A bike tour from Richmond, Indiana to the Ohio River

Kurt on Old Brownsville Road

I recently returned with some friends and family from an unconventional vacation: riding bikes 110 miles over two days to Clifty Falls State Park, where we hiked and rested for a day…then rode back over two more days. Along with Kurt, Derrek, Hopi and Don we put together a bicycle tour journal with photos and stories featuring a home-built recumbent bike, wild parsnips, “road closed” adventures and more.

Bike tour from Richmond, Indiana to Clifty Falls, 2008

Kurt on Old Brownsville Road

A first bicycle tour post-child. My wife assured me that bringing a three-month old baby on a bike tour would work out fine. For me, taking the trip was important for establishing that life does go on after children arrive.

See the complete tour journal of our  bicycle tour from Richmond, Indiana to Clifty Falls State Park and back.

Recreation vs Transportation Bikes: Quiz and Photos

There’s been increasing press lately about bicycling as transportation.

The difference between riding for recreation and transportation matters a great deal for the construction of the bikes, although few bikes focused directly on transportation are seen the US.

Here’s a quiz of sorts to show how recreation vs. transportation attitudes lead to different bike designs. Follow along and see which style of bike matches you!

At the end if the quiz, there are some photos and details highlighting some features available on transportation bikes.

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First Saturday with the bakfiets cargo bike

Today was our first Saturday with the bakfiets, and we kept the bike busy haulin’ and transportin’ from 8 am to 5 pm.

My wife took it first, riding it to Jazzercize and then to the farmer’s market. She had trouble leaving with her cargo of sunflowers due to all the people asking about the cargo bike. Questions from strangers are common with the bakfiets.

Around 11am, I used the quick release to raise the seat from her riding position and started on the next trip. I loaded the bike up with over a 100 lbs of yard waste and headed to the local landfill to drop it off. Wrapping the garbage bags in a tarp kept the bucket extra clean.

Bakfiets at the dump

Continue reading First Saturday with the bakfiets cargo bike

bakfiets: “It can haul groceries”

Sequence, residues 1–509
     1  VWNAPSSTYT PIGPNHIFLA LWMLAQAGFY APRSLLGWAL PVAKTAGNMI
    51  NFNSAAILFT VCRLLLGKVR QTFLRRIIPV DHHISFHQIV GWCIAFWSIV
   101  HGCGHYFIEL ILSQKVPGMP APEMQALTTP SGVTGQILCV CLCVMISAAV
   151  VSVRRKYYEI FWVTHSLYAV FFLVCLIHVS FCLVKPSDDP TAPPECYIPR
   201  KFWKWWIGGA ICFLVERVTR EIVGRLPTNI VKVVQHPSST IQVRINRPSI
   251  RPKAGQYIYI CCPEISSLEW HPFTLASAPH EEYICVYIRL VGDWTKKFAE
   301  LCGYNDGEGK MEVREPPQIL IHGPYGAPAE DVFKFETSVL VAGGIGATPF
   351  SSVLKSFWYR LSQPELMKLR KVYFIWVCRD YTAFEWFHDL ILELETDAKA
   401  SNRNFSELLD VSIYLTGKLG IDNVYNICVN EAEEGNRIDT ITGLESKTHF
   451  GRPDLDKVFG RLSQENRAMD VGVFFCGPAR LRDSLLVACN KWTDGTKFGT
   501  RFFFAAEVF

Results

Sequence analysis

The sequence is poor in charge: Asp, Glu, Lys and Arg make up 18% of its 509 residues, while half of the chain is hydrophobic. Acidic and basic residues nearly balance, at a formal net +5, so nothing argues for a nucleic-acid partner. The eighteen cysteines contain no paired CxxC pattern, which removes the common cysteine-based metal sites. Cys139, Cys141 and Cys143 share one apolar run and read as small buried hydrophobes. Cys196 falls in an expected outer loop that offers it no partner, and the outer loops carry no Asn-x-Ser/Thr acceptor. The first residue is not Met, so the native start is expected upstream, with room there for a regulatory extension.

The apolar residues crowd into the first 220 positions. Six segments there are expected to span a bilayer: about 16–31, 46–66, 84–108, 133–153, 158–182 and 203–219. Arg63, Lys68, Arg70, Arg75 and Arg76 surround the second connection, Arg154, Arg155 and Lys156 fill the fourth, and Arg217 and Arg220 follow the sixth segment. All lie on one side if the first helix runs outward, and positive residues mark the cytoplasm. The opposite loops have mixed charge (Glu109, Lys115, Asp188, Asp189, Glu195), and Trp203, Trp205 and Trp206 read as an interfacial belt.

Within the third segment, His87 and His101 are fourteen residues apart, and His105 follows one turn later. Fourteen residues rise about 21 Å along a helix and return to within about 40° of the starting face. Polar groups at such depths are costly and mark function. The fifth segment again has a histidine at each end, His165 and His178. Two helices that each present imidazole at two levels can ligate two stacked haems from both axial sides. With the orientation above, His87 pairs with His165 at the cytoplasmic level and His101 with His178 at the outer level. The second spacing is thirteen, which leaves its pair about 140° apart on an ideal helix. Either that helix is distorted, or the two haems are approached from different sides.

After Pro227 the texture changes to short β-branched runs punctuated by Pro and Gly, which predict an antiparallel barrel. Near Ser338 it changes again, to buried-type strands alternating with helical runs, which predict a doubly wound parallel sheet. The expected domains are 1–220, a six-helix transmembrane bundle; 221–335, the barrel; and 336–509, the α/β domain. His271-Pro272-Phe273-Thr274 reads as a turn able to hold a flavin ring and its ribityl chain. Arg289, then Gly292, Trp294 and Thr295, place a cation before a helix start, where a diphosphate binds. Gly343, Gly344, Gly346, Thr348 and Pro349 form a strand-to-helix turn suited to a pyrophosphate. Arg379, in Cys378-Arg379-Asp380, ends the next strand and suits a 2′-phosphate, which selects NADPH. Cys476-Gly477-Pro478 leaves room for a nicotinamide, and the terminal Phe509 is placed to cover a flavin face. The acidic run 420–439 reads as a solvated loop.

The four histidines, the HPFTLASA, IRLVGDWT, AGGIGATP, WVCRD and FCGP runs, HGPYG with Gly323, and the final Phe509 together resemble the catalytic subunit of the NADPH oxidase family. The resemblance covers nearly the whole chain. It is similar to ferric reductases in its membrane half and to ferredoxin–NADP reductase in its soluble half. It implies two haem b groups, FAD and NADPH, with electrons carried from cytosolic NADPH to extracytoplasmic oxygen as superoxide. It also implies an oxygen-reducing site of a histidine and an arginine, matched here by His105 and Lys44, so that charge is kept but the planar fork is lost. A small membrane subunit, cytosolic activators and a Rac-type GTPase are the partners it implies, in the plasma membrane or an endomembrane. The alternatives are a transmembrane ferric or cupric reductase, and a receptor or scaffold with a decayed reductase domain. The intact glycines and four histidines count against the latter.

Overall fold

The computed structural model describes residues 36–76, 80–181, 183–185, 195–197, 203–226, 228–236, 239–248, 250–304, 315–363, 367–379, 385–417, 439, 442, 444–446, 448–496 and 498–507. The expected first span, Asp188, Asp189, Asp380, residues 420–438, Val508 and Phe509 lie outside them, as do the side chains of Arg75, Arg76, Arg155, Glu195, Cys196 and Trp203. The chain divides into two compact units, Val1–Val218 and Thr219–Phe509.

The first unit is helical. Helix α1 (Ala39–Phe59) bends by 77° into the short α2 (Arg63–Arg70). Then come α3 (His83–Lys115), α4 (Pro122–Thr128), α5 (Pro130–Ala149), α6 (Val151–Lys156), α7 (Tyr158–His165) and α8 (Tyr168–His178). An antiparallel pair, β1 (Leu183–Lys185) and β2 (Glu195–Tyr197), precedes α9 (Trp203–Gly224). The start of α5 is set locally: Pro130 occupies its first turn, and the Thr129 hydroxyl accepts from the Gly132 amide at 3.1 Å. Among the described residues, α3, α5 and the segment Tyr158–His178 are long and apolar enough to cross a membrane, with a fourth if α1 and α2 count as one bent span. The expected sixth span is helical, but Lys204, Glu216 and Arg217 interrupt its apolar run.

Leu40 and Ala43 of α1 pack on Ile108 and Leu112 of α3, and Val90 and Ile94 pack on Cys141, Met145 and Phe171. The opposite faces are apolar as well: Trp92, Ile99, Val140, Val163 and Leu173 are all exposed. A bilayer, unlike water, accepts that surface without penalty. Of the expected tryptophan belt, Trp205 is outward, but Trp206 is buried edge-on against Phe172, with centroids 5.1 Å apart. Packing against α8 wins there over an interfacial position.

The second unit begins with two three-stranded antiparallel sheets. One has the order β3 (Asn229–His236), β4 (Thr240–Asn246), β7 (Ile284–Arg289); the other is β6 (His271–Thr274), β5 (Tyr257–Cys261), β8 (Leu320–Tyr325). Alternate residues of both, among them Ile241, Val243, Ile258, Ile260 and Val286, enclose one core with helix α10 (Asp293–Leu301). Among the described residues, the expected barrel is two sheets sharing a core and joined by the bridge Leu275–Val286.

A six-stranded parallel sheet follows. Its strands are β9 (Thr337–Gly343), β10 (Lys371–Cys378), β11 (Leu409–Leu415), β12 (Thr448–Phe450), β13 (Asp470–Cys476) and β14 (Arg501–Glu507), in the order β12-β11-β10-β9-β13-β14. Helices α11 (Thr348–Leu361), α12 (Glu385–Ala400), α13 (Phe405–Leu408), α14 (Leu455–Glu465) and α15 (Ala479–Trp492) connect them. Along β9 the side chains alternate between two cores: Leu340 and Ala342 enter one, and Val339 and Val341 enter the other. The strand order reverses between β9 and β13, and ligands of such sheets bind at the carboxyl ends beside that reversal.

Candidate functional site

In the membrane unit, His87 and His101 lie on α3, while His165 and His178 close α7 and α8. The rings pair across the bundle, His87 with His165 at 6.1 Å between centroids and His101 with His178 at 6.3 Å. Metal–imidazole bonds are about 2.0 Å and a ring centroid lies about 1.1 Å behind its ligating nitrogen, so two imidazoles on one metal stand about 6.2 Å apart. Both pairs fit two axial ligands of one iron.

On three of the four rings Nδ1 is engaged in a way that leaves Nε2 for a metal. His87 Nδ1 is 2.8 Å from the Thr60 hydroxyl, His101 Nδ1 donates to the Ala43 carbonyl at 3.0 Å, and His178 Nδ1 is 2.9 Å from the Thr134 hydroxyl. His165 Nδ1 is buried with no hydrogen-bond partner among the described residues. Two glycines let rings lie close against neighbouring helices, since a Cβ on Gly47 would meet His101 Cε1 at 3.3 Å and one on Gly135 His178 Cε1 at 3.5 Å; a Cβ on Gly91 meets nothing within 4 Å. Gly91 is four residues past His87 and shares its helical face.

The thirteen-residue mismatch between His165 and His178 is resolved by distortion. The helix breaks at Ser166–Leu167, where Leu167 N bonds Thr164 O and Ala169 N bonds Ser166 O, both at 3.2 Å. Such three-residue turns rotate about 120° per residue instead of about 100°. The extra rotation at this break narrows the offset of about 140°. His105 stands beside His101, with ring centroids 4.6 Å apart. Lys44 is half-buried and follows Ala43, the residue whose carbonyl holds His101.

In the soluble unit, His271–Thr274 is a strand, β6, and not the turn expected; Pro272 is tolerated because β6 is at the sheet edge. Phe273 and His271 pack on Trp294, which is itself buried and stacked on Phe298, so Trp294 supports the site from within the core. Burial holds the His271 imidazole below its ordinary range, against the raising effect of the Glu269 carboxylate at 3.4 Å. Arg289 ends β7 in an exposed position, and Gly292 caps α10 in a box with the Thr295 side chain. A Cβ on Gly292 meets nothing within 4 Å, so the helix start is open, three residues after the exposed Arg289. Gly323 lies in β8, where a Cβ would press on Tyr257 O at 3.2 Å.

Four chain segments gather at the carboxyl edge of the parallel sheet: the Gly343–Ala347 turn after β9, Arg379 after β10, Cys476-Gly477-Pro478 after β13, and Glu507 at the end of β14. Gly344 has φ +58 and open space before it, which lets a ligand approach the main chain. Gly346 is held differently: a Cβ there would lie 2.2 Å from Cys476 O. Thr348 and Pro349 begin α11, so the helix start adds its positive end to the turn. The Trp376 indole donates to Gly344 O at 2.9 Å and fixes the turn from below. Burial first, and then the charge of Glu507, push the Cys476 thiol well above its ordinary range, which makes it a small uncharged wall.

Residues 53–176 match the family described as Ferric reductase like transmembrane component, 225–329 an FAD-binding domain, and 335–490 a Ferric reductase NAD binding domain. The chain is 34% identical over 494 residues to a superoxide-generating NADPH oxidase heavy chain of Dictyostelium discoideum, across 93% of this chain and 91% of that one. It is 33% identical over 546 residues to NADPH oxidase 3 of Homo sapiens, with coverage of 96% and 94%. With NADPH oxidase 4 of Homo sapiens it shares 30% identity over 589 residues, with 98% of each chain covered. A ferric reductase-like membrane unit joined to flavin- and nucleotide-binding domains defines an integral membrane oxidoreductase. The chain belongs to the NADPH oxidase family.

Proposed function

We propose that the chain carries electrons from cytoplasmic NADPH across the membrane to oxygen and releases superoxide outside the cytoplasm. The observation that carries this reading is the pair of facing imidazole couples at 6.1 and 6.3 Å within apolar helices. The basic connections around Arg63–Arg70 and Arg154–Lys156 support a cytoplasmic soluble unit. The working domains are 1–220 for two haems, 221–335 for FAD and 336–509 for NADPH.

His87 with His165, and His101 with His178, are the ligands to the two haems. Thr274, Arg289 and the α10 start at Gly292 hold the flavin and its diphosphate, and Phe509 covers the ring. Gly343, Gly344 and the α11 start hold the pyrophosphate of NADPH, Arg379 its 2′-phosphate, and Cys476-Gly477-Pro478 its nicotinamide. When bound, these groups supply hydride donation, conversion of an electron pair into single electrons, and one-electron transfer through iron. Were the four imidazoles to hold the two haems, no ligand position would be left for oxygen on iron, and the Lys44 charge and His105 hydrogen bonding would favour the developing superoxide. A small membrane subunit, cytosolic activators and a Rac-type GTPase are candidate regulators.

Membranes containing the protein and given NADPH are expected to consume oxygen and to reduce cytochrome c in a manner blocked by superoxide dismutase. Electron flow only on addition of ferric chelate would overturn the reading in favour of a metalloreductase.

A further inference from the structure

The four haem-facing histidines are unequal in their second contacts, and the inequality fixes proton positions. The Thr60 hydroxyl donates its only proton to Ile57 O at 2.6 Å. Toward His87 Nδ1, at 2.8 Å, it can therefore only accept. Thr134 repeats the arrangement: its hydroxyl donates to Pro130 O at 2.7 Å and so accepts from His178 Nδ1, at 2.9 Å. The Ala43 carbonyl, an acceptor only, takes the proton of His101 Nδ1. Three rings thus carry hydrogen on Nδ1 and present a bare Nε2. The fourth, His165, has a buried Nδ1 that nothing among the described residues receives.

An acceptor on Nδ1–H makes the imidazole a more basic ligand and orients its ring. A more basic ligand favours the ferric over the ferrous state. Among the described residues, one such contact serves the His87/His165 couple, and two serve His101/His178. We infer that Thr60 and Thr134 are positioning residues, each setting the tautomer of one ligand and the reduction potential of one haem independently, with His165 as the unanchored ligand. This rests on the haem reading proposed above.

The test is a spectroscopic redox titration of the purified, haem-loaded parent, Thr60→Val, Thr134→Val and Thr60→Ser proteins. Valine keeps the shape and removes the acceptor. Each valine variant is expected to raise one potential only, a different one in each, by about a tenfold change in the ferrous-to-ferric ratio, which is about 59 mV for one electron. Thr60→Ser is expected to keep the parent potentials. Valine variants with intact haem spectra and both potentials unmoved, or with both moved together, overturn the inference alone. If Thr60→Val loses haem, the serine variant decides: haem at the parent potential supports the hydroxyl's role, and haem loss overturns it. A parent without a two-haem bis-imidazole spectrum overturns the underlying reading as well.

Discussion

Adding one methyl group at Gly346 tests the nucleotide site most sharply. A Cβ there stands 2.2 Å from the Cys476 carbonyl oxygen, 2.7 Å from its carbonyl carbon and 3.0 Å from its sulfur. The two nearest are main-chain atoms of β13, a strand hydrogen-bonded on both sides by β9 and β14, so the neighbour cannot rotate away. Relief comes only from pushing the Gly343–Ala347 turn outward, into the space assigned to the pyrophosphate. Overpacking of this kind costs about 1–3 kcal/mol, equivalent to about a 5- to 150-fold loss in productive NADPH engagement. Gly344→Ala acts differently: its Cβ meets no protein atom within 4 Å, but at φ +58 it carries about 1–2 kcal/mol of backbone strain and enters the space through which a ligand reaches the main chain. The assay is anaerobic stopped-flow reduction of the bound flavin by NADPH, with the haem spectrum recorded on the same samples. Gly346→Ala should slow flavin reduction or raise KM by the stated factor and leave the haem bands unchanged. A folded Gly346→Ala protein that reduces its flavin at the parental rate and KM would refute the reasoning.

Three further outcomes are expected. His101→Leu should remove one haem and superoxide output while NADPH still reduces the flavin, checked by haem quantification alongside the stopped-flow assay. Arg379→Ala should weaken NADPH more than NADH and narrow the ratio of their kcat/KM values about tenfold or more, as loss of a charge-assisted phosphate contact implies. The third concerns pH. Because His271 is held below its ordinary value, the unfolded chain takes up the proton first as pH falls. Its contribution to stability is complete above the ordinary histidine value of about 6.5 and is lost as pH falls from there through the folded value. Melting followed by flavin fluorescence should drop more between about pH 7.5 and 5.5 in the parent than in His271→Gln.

100 mile radius potluck at the park

Someone commented about my new bakfiets cargo bike this morning that “now I could I haul groceries on the bicycle”.

I had been getting groceries fine on my “normal” bike fine for some years. But you couldn’t tell that from casually looking the bike.

I never once made a trip where I couldn’t bring home everything I wanted. Usually just some saddle bags were used for the hauling, but occasionally a trailer was used to fetch a large bag of dog food.

But on most trips the saddle bags and trailer are left at home, so the carrying capacity isn’t visible.

The importance of the bakfiets in the US now is that it is obvious that the bakfiets is built to haul. And it does in fact haul a lot. I believe it’s rated to haul about 250 lbs of cargo or kids, plus the weight of the driver. (That’s 175 lbs in the bucket, and 75 more on the rear rack).
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About our bakfiets

Three children in a bakfiets cargo bike

That’s a bakfiets, (pronounced “bach feets”), a Dutch-made bike which recently started to be imported to the US.

For those who need haul kids or “stuff”, the bakfiets comes loaded with features that make it an attractive car replacement.

For kid hauling

This model comes standard with a bench seat for two children, including safety harnesses for both. Although difficult to see in the photo, the bottom edge of the bucket contains a step to make it easier to get in and out of the bucket. A super-sturdy four-point kickstand makes the bike totally stable as passengers enter and exit. And unlike a trailer, the kids have a commanding view of what’s going, and the parent can constantly keep an eye on them. It’s no surprise the Dutch royal family is known for carrying their own children around in a bakfiets. For rain and colder weather, a see-through cover is made as an accessory for the bucket.

For busy people. Real people.

A bike should work with your lifestyle, not the other way around. The bakfiets comes from a country with more bicycles than people, and practical bikes are understood there. So, it’s built to just get on and go. There’s no external gears to maintain. Eight gears are provided inside the wheel. The are no external brake pads to be serviced. Discrete drum breaks work reliably. A built-in lighting systems provides bright front and rear lights, powered by your pedaling, and still shining for a while after your stop. Greasy clothes are no worry. Fenders, an enclosed chain and even a skirt guard are all standard. Locking the bike now works like a car, with a reliable key-based system that disables wheel and is difficult to defeat.

Family Bakfiets, Portland Oregon, April, 2007

To top it off, it includes puncture-resistant tires, a comfortable riding position and a pleasant sounding bell!

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